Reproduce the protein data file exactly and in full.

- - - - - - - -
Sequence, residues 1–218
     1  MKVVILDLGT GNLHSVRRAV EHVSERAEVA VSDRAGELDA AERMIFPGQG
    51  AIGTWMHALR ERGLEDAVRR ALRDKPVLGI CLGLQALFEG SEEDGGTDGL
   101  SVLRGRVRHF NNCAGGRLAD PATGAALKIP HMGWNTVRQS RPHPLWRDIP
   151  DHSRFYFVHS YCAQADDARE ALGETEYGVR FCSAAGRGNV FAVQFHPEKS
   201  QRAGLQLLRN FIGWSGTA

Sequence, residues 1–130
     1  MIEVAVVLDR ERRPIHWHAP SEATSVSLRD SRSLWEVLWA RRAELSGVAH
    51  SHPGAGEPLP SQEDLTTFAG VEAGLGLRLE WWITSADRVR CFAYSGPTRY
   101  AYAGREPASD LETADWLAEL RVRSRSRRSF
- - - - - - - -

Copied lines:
Sequence, residues 1–218
     1  MKVVILDLGT GNLHSVRRAV EHVSERAEVA VSDRAGELDA AERMIFPGQG
    51  AIGTWMHALR ERGLEDAVRR ALRDKPVLGI CLGLQALFEG SEEDGGTDGL
   101  SVLRGRVRHF NNCAGGRLAD PATGAALKIP HMGWNTVRQS RPHPLWRDIP
   151  DHSRFYFVHS YCAQADDARE ALGETEYGVR FCSAAGRGNV FAVQFHPEKS
   201  QRAGLQLLRN FIGWSGTA

Sequence, residues 1–130
     1  MIEVAVVLDR ERRPIHWHAP SEATSVSLRD SRSLWEVLWA RRAELSGVAH
    51  SHPGAGEPLP SQEDLTTFAG VEAGLGLRLE WWITSADRVR CFAYSGPTRY
   101  AYAGREPASD LETADWLAEL RVRSRSRRSF